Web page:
I was recently asked if ozone therapy is scientifically valid. This is a great example of how difficult it is to answer a seemingly simple question. This difficulty is further exacerbated by a culture of alternative medicine that actively blurs the lines between science and pseudoscience and seeks to exploit the complexities and gray areas of clinical evidence.
The only way to answer this question is to say, “It depends.” The question you really need to ask is whether a particular type of ozone therapy is safe and effective for a particular indication. Asking whether high-pressure ozone is effective for healing skin ulcers is very different from asking whether autotransfusion of ozone is effective for fibromyalgia. However, often doctors operating outside of a science-based approach to medicine use narrow range of effect evidence to claim (without qualification) that a treatment is generally effective. . They may claim that acupuncture works or that homeopathy works, but those are nonsense statements. That’s the same as saying that surgery works or medicine works. However, there is no convincing evidence that acupuncture or homeopathy is effective for anything. So that’s one difference.
Ideally, you want to go deeper than just identifying treatment types and indications. Clinically, we also want to know the dose and duration of treatment, and whether there are patient demographics that would change the safety or effectiveness of treatment. For example, a clinically useful and scientifically valid statement is: A specific dose of ozonated oil applied at a specific frequency and over a defined period of time had a specific measurable beneficial effect on diabetic patients with specific infected skin ulcers. Severity range.
From a basic science perspective, we also want to know what the mechanism of action is. Although this is not necessary to establish clinical safety and efficacy, it may change the amount and quality of evidence needed to reach the standard for recommending treatment. If the putative mechanism (such as homeopathy) is magic, then the threshold should be very high. If the mechanism is plausible and has already been shown to have some biological effect, a more standard threshold can be used.
Let’s apply this approach to the broader problem of ozone therapy and break it down properly. Ozone is a highly reactive gas composed of three oxygen atoms (O3). It exists in the upper atmosphere and its effect in blocking ultraviolet rays is important. Ozone can also be encountered when electrical equipment shorts out. That energy creates ozone from the oxygen in the atmosphere, and you’ve probably smelled it.
One of the potential biological effects of ozone is antibacterial. This is a highly reactive gas and can destroy bacterial cell membranes. This reaction releases oxygen, which can have further negative effects on anaerobic bacteria.This is what it looks like established effect of ozone. External skin infections are treated by exposing them to ozone. has been shown to be effective To promote wound healing. However, it should be noted that the FDA has not approved this use and further research is needed before specific recommendations can be made.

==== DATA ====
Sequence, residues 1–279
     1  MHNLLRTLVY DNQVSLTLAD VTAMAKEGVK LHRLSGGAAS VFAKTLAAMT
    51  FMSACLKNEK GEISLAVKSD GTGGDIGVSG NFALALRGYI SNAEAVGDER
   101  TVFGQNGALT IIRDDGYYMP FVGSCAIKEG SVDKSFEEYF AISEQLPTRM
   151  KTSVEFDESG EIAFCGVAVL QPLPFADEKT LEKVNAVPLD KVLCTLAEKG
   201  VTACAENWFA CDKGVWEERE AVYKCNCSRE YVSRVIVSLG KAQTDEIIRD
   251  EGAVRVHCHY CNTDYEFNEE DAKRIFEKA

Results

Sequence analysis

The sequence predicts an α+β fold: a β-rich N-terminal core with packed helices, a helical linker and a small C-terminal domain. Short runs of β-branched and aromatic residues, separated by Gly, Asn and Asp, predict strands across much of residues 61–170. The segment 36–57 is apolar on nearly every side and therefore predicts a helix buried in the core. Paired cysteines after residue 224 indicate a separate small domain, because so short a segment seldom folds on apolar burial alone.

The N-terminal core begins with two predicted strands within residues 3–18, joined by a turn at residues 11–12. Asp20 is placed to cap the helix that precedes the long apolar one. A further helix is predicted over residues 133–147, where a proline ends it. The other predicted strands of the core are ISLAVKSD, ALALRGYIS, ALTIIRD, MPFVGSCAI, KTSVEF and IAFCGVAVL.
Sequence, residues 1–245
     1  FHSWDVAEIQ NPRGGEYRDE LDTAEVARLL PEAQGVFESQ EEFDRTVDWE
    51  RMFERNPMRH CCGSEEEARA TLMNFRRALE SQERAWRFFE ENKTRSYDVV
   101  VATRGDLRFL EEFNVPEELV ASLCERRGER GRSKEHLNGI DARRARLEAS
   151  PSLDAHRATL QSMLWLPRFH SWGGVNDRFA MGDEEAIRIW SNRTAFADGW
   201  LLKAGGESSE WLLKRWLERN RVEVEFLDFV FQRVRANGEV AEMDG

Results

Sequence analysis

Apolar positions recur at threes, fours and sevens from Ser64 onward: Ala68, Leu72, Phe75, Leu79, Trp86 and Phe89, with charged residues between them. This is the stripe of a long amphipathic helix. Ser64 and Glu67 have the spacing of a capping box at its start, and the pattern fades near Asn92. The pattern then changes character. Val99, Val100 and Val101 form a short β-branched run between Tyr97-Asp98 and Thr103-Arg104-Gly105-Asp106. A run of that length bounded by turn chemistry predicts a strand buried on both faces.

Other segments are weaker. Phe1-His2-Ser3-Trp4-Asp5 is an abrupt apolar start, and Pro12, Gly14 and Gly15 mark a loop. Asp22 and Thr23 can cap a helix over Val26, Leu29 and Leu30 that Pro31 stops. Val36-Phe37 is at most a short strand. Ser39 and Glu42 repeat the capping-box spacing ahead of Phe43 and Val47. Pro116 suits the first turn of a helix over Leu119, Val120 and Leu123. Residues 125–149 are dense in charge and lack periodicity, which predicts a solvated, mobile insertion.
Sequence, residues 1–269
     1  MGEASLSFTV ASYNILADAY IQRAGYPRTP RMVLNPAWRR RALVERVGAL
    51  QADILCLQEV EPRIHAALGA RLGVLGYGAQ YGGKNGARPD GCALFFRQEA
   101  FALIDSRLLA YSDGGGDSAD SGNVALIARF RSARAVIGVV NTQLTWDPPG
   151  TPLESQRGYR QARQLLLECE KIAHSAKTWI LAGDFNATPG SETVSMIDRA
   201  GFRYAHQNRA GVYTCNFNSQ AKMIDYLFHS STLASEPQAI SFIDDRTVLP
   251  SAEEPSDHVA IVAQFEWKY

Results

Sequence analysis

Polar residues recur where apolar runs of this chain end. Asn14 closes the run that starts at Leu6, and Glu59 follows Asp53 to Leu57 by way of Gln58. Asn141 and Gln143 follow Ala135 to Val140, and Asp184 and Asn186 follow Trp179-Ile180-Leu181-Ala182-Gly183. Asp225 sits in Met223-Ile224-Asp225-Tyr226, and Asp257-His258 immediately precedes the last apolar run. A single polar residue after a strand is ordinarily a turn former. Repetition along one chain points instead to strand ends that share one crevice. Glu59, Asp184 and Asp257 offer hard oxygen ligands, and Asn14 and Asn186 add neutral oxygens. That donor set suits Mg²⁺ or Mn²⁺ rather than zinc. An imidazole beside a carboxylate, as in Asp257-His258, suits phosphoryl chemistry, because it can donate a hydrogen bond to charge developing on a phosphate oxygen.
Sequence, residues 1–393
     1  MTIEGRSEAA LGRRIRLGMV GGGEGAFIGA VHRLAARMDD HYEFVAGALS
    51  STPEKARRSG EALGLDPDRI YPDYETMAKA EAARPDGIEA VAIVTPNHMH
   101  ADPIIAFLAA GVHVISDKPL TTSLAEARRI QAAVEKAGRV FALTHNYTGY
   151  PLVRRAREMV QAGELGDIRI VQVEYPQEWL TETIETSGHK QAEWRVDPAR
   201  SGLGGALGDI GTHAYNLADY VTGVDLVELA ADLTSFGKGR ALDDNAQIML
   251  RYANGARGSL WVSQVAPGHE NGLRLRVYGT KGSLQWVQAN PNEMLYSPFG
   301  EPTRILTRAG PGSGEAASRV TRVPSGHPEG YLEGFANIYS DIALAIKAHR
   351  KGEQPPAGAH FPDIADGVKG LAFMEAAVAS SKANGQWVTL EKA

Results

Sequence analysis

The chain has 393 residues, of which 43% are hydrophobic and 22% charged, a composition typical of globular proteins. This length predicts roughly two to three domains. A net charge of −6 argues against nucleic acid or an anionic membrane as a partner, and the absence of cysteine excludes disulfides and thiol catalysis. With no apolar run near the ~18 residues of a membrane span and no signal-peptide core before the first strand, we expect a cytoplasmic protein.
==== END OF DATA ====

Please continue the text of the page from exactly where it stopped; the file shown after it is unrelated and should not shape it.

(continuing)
However, this specific effect cannot be used to support the efficacy of ozone therapy for other indications or other putative mechanisms. There may be other potential mechanisms of action, but they are hypothetical at this time. A frequently cited theory is that ozone exposure can cause a temporary upregulation of antioxidant enzymes. I find this putative mechanism particularly unconvincing, as the antioxidant hypothesis has been shown to be far more hype than reality. It is also often offered as a multi-purpose mechanism by medical practitioners to replace trendy treatments they wish to sell.
i) Increased oxygen levels, glucose and ATP transporter molecules in ischemic tissues. ii) Increase bone marrow stem cell activity to promote angiogenesis and tissue regeneration. iii) upregulation of the expression of antioxidant enzymes in the blood. iv) Promote the rise of the neuronal medium. v) Induction of growth factors
Again, we find that these underlying mechanisms frequently emerge to drive questionable treatments. That doesn’t mean they’re wrong or can’t be effective, but I think they’re generally overrated. Much of the basic science research that explores possible mechanisms of action falls into the “something happens” category. Cells, tissues, and organisms respond to stimuli, especially trauma. The immune system responds and compensatory homeostatic mechanisms kick in. This does not mean that they are mechanisms of meaningful or durable biological effect that can be exploited for clinical benefit. This is a huge leap forward, one that cannot be achieved automatically, and one that historically fails most often. Most of the putative mechanisms are either clinically meaningless or turn out to have more drawbacks than benefits.
In general, there is also a lot of a posteriori reasoning. Everything that happens can lead to potential benefits, including increased or decreased immune activity, increased or decreased oxygen, and increased or decreased blood flow. It’s okay.
At the moment The FDA says: About ozone therapy:
Ozone is a toxic gas with no known useful medical uses in specific, adjunctive, or preventive treatments. For ozone to be effective as a disinfectant, it must be present at much higher concentrations than can be safely tolerated by humans and animals.
That’s important. Even if there are potentially beneficial effects, we need to know whether those effects occur at doses and types of exposure that do not cause intolerable side effects.